How To Really Do Mesiras Nefesh


Real mesiras nefesh and self-transcendence is not when you sacrifice yourself for what you believe, it’s when you're ready to give up what you believe.

The tenth and final test that Hashem gave to Avraham was to bind his son Yitzchak and sacrifice him as an offering on the altar.

The Talmud says: ‘I have tested you with many trials, and you withstood them all; now pass this test, so people won’t say the earlier ones didn’t mean anything.

Didn’t mean anything? Come on.

I would think that jumping into a fiery furnace would be a much greater sacrifice than the Akeida?! And Avraham did it out of his own free will?!

Trading Ego For Ego

Here we come to the uniqueness of the test of the Akeida.

There were plenty Jews and non Jews who sacrificed their lives for the sake of their faith even after Avraham Avinu. But the test of the Akeida is unique and exceptional.

True self-sacrifice means that a person gives up all of his being and essence and surrenders everything to the Creator. But not always when a person chooses death does it constitute true self-sacrifice.

For example, a person who takes his own life to gain fame made a trade. He decided that publicity is more valuable to him than life, so he prefers publicity over life.

This isn’t true self-sacrifice but rather a preference of one self-motivated thing over another.


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Better to Die Than to Live

In this way, it’s possible that a person who chooses death for higher purposes is making calculations of profit and loss. Perhaps he prefers life in the Garden of Eden over life in this world.

Perhaps when they force him to deny his faith, he sees this option as worse than death, as is the saying, ‘טוב מותי מחיי, it is better to die than to live.’

And so, a person who dedicated his entire life to a specific faith or cause may prefer to die rather than renounce it because the faith or cause he cultivated is his true existence.

If so, this isn’t complete self-sacrifice. It’s simply a preference for a more valuable existence over a slightly less valuable existence.

Avaraham’s test in Ur Kasdim could be seen in the following way. Avraham nurtured and spread faith in God. He was known throughout the world as one who rebelled against idol worship and carried the banner of faith in the One God.

Denying his faith was worse than death in his eyes. Therefore, he preferred to be cast into the fiery furnace rather than worship idols. It could be argued that this isn’t true self-sacrifice and lacks substance.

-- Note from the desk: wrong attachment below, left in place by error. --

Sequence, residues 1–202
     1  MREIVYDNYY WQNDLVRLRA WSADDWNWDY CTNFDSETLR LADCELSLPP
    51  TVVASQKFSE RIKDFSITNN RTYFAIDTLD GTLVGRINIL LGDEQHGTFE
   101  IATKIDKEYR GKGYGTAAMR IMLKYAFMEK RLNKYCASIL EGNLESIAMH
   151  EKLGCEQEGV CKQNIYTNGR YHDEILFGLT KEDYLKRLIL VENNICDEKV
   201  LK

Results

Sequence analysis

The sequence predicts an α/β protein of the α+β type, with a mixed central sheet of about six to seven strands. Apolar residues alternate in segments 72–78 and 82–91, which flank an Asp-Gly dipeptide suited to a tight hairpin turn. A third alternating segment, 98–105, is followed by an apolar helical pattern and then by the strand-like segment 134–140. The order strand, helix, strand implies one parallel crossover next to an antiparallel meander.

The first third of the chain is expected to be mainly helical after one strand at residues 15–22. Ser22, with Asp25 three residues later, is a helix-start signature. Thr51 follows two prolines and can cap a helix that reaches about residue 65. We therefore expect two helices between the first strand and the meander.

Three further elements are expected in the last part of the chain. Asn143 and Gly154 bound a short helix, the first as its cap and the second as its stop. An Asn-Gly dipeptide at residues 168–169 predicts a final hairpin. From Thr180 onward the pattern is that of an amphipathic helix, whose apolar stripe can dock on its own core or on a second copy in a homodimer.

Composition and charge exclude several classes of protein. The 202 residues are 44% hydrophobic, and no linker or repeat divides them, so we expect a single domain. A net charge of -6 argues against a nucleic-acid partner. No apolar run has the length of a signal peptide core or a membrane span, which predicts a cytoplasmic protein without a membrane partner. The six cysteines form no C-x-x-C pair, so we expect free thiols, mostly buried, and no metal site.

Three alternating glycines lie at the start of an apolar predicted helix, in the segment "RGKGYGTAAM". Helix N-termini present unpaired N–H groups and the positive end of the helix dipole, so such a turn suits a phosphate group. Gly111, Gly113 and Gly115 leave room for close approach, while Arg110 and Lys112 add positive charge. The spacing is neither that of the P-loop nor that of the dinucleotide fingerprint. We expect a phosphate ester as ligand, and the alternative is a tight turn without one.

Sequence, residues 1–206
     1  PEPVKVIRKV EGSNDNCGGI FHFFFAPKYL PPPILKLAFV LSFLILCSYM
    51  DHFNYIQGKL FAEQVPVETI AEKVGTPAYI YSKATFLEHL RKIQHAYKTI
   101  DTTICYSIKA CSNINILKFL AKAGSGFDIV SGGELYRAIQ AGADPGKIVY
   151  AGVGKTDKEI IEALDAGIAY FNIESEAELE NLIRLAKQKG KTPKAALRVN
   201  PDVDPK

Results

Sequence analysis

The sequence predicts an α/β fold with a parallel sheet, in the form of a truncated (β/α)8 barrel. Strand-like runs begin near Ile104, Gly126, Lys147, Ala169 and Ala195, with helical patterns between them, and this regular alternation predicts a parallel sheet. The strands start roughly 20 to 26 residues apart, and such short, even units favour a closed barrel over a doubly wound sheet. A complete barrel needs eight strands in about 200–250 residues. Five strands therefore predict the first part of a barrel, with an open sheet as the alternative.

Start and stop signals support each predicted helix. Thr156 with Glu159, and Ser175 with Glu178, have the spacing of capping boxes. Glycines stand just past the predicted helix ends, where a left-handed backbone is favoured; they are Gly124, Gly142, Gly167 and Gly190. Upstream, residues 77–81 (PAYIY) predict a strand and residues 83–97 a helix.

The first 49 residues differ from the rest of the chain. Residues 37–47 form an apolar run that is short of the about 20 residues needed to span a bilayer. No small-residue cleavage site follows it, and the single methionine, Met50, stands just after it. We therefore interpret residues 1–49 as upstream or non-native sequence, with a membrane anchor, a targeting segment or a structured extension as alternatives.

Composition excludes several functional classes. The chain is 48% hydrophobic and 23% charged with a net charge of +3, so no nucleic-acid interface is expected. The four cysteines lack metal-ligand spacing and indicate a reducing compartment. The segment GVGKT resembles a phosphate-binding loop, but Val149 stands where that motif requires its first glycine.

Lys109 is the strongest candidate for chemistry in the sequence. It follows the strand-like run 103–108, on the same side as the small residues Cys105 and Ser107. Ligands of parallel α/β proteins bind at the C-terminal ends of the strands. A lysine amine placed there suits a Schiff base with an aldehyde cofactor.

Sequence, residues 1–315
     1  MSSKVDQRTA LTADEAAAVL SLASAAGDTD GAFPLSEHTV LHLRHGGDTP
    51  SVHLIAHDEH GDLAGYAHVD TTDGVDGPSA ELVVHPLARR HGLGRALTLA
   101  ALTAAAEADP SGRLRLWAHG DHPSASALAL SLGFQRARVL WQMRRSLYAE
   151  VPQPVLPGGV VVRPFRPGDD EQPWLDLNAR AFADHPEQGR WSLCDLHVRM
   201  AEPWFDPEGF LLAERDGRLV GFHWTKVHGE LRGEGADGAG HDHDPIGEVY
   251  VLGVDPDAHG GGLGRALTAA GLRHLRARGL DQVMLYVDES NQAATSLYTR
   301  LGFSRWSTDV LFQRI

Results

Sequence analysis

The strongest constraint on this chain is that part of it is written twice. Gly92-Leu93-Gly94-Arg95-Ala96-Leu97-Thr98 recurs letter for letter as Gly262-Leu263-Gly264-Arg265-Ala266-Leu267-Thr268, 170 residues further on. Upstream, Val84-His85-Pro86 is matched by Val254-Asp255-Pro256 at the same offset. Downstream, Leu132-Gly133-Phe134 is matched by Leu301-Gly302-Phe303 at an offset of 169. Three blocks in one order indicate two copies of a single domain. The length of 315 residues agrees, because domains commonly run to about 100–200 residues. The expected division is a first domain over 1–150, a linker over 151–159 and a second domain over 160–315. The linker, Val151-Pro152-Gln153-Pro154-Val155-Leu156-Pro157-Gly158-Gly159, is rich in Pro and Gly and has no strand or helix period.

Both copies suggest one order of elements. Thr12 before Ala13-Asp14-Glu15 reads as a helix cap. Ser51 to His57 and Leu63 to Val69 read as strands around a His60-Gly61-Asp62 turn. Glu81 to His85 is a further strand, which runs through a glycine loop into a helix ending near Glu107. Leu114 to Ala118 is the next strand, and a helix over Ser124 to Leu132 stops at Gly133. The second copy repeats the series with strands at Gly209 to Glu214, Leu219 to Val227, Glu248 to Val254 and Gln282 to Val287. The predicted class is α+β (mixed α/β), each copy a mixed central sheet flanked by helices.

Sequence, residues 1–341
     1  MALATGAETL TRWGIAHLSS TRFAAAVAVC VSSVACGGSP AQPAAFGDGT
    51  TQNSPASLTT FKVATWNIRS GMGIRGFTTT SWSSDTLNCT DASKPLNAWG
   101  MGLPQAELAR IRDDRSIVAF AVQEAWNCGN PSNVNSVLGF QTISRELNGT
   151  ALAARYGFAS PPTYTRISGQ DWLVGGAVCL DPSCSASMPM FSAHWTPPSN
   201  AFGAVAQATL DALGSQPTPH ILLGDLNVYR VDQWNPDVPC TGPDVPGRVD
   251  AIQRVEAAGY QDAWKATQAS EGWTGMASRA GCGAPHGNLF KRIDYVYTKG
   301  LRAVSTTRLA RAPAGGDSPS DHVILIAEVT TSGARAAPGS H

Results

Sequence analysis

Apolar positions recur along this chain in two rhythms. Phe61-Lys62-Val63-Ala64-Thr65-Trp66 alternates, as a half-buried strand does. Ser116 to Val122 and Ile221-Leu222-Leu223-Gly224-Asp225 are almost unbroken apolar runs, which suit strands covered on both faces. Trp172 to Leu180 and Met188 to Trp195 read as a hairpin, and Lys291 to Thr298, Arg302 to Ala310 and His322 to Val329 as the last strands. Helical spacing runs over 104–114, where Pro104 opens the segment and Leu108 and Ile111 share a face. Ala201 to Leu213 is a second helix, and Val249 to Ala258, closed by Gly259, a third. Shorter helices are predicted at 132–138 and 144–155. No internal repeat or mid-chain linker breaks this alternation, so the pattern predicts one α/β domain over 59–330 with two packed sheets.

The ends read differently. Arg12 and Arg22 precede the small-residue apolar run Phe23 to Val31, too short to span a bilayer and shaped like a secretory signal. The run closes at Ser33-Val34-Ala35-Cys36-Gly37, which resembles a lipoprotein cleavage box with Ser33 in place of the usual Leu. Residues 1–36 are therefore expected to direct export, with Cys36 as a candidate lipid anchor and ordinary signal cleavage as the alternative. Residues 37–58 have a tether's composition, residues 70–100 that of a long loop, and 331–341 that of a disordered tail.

Real Transcendence

In contrast, the test of the Akeida was completely different.

While in Ur Kasdim, Hashem’s name was sanctified in the eyes of the people through his mesiras nefesh. However, the test of the Akeida took place in a place where there was no one to see it. There was no public sanctification of Hashem’s name.

Moreover, Yitzchak was the only possible heir to continue Abraham’s path and faith. If he had been sacrificed, it would have put an end to the faith in God that Abraham disseminated and revealed.

According to any logical thinking, this would have been utterly pointless.

Avraham’s consent to offer up his son Yitzchak as an offering, was an act not only against his natural paternal emotions but also against all reasoning and even against his desire to spread his faith in God to the world.

Here, Avraham’s true self-sacrifice was revealed. Without conditions and beyond all reasoning.

Here, his absolute devekus/connection to Hashem was manifested. He was ready to surrender everything, his entire existence, both physical and spiritual.

This is real mesiras nefesh, self-sacrifice that transcends all egotistical motivations.

It’s uniting to the Creator without barriers and without any calculations or considerations.

And the test of the Akeida stands to our merit in every generation.


Real mesiras nefesh and self-transcendence is not when you sacrifice yourself for what you believe, it’s when you’re ready to give up what you believe.


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